Technology has made factoring a more efficient business, requiring fewer banking skills, and much less labor than years past. Back in the 1980’s, when this author started in business, we were still working on handwritten ledger cards, and the “Yellow Pages” was the number one source of advertising. Even how people communicated was different. If you wanted to call the office you had to find a public pay phone and carry a stash of quarters.Cell phones didn’t exist until the early 1990’s. The phones cost upwards of a thousand dollars to purchase, and, it was 45 cents a minute to use them.
There were other issues that factors had to deal with, as well. When a prospect or client called the 800number back in the 80’s and 90’s, the factor paid for that call by the minute, at up to 40 cents per minute. Companies were essentially paying for all outgoing, and incoming calls. The telephone bill was one of the largest expenses, costing tens of thousands of dollars per month. Just calling across town, the telephone carrier could add toll charges of upwards of 15 cents a minute.
Email? What’s email?!
Email didn’t exist until the mid to late 90’s. That was only 25 or so years ago. Even then, not many people nor businesses had an email address. Fax machines had just been widely introduced, but they were so expensive that few businesses owned one. Even if a company had a fax machine, it didn’t help with funding. Back then, funding an invoice required getting original invoices mailed, hand delivered or couriered to the office in order to stamp them with a Notice of Assignment in embarrassing red ink and mail them to the debtor. In the 1980’s, most every small factor ran their business on account ledger cards. If you had a computer in your office, it hardly helped. There was no factoring software available until Bill Stucky of William Stucky and Associates wrote the first factoring software “FACE “ in 1984.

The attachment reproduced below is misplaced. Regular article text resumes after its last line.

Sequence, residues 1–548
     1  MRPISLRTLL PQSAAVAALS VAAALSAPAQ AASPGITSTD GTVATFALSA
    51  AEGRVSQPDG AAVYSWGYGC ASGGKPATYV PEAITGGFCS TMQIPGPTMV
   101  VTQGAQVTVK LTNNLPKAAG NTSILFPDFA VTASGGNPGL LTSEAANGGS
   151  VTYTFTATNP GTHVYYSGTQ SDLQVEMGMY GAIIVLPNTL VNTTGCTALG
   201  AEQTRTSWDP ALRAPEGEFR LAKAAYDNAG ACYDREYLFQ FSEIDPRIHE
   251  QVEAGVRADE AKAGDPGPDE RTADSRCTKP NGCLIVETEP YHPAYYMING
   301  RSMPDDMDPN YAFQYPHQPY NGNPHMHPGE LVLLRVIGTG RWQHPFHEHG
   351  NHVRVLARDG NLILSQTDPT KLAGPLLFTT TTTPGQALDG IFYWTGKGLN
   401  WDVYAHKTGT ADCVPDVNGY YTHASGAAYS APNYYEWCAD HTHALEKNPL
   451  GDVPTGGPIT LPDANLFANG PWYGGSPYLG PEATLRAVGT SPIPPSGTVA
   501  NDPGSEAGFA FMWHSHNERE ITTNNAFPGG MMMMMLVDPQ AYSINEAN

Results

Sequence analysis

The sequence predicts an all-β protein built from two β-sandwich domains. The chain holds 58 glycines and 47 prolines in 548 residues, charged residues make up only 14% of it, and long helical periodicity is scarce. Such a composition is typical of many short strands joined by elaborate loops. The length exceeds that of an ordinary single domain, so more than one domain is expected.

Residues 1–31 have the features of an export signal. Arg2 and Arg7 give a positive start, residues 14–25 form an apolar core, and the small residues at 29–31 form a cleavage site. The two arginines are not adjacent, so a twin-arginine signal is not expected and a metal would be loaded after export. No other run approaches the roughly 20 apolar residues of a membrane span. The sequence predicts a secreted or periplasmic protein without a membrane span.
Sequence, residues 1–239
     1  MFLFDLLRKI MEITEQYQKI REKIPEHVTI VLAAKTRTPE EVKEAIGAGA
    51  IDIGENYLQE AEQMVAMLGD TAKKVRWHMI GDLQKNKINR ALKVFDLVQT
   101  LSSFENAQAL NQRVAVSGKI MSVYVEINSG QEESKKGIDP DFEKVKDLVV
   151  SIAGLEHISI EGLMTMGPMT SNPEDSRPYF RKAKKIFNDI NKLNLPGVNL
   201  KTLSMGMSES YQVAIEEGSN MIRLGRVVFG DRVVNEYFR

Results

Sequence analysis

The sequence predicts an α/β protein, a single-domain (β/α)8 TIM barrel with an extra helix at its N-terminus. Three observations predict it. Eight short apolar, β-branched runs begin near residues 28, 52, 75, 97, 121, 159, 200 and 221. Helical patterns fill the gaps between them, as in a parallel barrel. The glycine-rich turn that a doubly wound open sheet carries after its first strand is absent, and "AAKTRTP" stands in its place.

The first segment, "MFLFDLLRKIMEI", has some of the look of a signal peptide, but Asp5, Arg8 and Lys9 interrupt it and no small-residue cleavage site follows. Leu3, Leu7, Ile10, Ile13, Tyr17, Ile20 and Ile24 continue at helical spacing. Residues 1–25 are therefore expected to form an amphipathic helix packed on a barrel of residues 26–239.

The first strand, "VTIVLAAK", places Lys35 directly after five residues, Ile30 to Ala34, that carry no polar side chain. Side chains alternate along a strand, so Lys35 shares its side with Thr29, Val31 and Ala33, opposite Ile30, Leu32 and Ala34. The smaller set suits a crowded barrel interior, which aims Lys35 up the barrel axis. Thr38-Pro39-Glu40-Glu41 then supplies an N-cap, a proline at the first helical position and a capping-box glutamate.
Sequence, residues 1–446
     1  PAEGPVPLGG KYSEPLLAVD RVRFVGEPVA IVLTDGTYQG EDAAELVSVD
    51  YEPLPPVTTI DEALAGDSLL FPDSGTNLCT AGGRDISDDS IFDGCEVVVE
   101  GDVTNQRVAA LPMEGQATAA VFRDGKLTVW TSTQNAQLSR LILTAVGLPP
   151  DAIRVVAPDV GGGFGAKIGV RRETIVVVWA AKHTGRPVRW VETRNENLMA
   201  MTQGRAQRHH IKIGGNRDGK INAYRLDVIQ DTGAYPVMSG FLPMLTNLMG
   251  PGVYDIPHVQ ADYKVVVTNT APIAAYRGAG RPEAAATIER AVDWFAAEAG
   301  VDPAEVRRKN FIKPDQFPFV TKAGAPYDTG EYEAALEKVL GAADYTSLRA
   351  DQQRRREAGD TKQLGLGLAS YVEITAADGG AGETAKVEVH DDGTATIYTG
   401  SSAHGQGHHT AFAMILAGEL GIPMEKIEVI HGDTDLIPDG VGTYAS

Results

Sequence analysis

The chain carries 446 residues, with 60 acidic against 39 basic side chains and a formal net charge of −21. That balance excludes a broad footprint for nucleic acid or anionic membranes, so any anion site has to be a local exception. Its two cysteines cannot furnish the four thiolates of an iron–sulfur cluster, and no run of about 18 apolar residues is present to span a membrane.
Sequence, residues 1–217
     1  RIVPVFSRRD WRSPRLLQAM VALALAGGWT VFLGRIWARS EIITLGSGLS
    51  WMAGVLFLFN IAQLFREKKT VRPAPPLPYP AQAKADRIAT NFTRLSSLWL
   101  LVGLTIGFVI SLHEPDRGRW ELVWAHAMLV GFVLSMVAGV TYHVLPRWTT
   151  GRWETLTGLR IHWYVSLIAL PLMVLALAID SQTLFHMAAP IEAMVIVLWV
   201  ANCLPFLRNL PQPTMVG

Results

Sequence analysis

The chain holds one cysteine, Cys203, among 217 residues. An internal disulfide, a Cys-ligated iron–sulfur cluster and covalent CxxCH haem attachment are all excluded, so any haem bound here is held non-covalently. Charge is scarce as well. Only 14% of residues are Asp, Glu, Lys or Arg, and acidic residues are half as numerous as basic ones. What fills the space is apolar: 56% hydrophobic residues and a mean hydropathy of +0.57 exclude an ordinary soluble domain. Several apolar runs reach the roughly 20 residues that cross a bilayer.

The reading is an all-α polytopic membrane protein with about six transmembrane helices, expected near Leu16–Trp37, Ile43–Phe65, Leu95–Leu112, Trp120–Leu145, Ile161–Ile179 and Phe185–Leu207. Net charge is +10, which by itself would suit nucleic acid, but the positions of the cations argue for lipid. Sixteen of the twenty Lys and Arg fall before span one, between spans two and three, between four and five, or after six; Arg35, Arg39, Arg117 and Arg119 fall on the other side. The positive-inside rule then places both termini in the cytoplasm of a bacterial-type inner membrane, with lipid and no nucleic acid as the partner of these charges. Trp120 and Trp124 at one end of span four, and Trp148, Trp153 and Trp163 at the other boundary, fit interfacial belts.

As more and more factors joined the tech revolution through the 90’s, the old timers delighted in telling technology driven visionaries, “I told you so,” when a little thing called Y2K came around. It seemed software programmers, to save memory, put all dates in two digits. That was fine for month and day because those didn’t change, but, the year always changed. The issue was entering the month, day, and year of December 31, 1999 as 12/31/99. That was all fine and good until the year 2000 rolled around. Was the first day of the New Year 01/01/00, or, January 1, 2000, or, January 1, 1900? Oops! Even as programmers around the world wrote fixes, no one, not even the programmers, knew what would happen at the turn of the century.
Things have become more efficient for sure. Things have also become more competitive.
Because of the inefficiencies years ago, factoring used to be local. Today it’s global. In the 1980’s, this writer may have had 6 competitors in its market. Today, there are 60 or more. Prior to 1990, the average customer was within a 20-30 mile radius of the office, enabling someone to drop off original invoices and to pick up checks. ACH was near non-existent, and wires were very expensive to send and receive.
While it’s true that no one yearns for the good old days, we should remember and learn from them. The state of factoring now will one day be the good old days. If you want to be around in the future, just remember what happened to those who wanted to stay in the past.
If you want to move your business into the future, look to AeroFund Financial, take a minute, and give us a call